Ilovebees was hip, clever and fun. Now that it's become practically an expected part of nearly any major Microsoft launch - is it me or is becoming a bore?
Friday, June 15, 2007
It's rather rare I get to be on the cutting edge of movie information, but when they film a scene from Batman: The Dark Knight a block away, it's not too hard. Not that I got any kind of interesting scoop out of the deal, but at least the below image of the side logo on a Gotham police car:
We drifted past where they were actually shooting, didn't see much and some young production assistant asked forcefully if I wouldn't take any pictures. Ah, Hollywood is so exciting.
Thursday, June 14, 2007
Wednesday, June 13, 2007
Speaking of The Escapist:
"Therefore, the inclusion of the Cathedral in the game could not be considered to be an infringement of any copyright on it," Chapman declared, adding that since copyright on a work expires 70 years after the death of its creator, it is also very unlikely that the Cathedral has any copyright remaining on it at all.
He explained to The Escapist's Andy Chalk: “Pubic buildings are generally fair game for inclusion in videogames, films, etc., and it is something that their owners just have to accept."
This is from Ekklesia, a British Christian think tank. They continue on to say:
"When Canterbury Cathedral complained about featuring in a war-game last year, we wrote to the Dean and chapter suggesting that they should use it as an opportunity to promote a positive message about peace-building and reconciliation, rather than getting into an unseemly and probably unwinnable legal case. Similar principles apply in this situation.”
Barrow added: “Using the publicity to focus on tackling gun crime is a positive move. Similarly, the Cathedral could ‘rebrand’ its public space by mounting an exhibition on initiatives in global non-violence. There is also an opportunity for the Church to reconsider its own image - Cathedrals are stuffed full of military images, so they cannot claim that being associated with war and violence is entirely alien – though arguably it should be.”
In short - yup.
Seriously. Remember that time the ESRB re-rated Oblivion? The Escapist sure does:
The ESRB's decision incensed industry insiders, perplexed onlookers and gave politicians a jumping-off point for continued assaults on the industry's integrity. Looking back, there's a reason the incident didn't make bigger headlines: The news dropped in May, just a week before the last real E3 event, and there were bigger stories to cover that month. But with player-centric content vehicles like LittleBigPlanet and PlayStation Home on this year's docket, last year's ESRB decision may prove to be the gift that keeps on giving for an already beleaguered industry.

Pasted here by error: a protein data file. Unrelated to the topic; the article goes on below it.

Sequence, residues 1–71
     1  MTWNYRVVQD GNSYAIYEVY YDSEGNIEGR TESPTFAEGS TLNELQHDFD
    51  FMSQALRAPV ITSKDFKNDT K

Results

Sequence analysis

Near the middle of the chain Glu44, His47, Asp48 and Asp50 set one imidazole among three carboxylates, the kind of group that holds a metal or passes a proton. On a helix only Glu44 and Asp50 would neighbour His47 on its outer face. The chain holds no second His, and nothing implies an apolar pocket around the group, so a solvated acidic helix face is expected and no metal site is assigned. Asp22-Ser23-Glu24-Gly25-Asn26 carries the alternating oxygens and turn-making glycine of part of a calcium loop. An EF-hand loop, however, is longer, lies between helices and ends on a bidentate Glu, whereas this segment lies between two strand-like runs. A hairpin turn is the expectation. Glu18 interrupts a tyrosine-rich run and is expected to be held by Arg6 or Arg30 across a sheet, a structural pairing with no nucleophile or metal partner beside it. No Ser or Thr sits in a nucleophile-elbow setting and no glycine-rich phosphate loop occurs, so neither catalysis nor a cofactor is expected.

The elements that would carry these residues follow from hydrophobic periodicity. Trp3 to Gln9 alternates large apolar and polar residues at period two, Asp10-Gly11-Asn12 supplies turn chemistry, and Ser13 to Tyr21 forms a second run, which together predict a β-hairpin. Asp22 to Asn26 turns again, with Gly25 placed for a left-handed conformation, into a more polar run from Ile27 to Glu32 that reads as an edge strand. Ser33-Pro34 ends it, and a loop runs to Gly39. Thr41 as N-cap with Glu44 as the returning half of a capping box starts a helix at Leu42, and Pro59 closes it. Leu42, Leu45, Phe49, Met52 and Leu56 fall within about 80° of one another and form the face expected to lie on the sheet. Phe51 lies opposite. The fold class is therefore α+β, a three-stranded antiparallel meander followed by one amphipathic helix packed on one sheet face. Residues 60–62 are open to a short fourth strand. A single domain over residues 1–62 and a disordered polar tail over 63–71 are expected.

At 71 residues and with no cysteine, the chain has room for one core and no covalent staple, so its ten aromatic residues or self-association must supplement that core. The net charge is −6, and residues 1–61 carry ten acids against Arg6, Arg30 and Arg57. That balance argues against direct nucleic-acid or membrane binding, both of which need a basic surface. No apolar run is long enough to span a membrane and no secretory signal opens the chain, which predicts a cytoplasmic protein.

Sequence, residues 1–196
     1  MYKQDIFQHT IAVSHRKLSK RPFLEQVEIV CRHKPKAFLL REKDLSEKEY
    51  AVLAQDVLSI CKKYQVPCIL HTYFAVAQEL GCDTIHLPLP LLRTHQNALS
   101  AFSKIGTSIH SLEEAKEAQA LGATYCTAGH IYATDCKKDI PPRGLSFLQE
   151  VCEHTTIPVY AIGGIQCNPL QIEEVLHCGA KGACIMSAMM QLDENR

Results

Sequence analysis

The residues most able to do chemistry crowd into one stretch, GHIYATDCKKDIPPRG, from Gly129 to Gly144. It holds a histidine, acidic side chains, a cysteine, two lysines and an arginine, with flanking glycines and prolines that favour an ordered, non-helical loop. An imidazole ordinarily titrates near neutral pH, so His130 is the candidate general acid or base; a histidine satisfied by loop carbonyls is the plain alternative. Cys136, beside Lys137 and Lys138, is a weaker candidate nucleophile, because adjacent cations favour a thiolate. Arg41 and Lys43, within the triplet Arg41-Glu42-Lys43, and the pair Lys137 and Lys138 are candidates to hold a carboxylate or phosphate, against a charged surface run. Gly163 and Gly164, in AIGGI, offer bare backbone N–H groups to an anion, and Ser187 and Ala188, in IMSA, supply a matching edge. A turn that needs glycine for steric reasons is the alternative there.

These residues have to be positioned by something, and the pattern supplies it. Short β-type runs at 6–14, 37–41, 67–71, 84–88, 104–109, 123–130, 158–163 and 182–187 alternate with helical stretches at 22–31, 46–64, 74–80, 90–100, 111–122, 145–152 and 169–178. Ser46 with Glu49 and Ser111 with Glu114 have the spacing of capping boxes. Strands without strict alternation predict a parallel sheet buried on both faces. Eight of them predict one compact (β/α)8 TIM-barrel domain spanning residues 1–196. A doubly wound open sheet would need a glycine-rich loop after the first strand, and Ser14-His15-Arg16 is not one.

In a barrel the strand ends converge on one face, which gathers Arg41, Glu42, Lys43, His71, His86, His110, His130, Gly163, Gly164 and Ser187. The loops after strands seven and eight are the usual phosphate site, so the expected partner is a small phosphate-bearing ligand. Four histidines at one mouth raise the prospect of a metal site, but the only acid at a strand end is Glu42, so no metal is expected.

Michael Zenke continues on a similar path I've hit on before - you can't punish the publishers and developers for modders taking advantage of a mod friendly framework. John Romero might think you can, but he developed Daikatana.
Mods have been around before friendly frameworks. Fact is - if people want to modify a product they've purchased ... they will. If it's just software or even an innocent toaster.
Gamasutra is apparently running a series of interviews with game developer dads (via Inside Mac Games). See also the old Cathode Tan interviews with Jeff Freeman of Sony Online and Andrew Bub of GamerDad.com fame.
Tuesday, June 12, 2007
Apparently the time shifting threw off CBS' initial tallies for the show. Wonder just how badly Neilsen is keeping up with the new technology after all - and how much I can blame that on my Studio 60 getting canned!
Tokyomango points out that Heroes might get prettier face:
Mori said the role of Yaeko would be a love interest for one of the main characters on "Heroes."
Wired's Cult Of Mac asks who would really want Safari on Windows since the OS X version, as they say, "sucks".
The answer is simple: Apple does. They want it for the same reason they put iTunes on the platform - to increase the size of a demographic with better access to a consumer device. Can you imagine the iPod's success without iTunes for Windows? Safari for Windows may certainly not be nearly as instrumental, but since it will be your testbed for writing iPhone widgets - why wouldn't Apple put it out there? They don't care about getting a few more browsers hits here and there, they want access to the deep pocket of Windows based web developers.
Granted Safari's beta crashes at the sight of a proxy and may snap a few widgets - but the rational seems clear.